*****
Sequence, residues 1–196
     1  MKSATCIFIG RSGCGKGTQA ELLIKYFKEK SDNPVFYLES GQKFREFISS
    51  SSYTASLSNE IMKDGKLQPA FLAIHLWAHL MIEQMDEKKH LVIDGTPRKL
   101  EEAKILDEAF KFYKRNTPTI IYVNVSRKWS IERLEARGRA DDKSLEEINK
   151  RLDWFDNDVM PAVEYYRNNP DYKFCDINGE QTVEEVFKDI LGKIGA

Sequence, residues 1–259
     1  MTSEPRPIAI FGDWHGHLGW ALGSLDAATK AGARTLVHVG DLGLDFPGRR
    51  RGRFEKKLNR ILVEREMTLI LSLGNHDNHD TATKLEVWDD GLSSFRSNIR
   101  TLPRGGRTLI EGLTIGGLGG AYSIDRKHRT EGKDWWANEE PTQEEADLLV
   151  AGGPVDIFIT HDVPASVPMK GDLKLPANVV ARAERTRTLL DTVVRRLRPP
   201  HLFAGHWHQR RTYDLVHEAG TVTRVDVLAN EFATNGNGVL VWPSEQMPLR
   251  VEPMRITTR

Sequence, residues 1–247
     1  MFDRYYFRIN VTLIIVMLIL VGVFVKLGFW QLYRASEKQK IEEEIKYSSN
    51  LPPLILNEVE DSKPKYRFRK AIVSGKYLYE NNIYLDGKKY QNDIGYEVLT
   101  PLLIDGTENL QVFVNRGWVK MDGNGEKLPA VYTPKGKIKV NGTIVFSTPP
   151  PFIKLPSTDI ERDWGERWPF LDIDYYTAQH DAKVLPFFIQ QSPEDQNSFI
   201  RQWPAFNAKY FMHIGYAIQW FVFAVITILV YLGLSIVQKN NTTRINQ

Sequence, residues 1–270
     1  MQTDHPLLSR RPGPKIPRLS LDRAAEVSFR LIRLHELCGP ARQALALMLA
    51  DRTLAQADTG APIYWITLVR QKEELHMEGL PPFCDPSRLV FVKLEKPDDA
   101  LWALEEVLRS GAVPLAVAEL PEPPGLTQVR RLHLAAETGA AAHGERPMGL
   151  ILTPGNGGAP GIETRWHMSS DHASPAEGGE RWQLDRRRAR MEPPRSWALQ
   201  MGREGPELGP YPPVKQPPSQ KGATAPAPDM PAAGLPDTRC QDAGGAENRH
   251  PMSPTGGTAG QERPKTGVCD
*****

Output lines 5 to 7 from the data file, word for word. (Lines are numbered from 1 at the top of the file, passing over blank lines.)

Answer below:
   151  RLDWFDNDVM PAVEYYRNNP DYKFCDINGE QTVEEVFKDI LGKIGA

Sequence, residues 1–259
     1  MTSEPRPIAI FGDWHGHLGW ALGSLDAATK AGARTLVHVG DLGLDFPGRR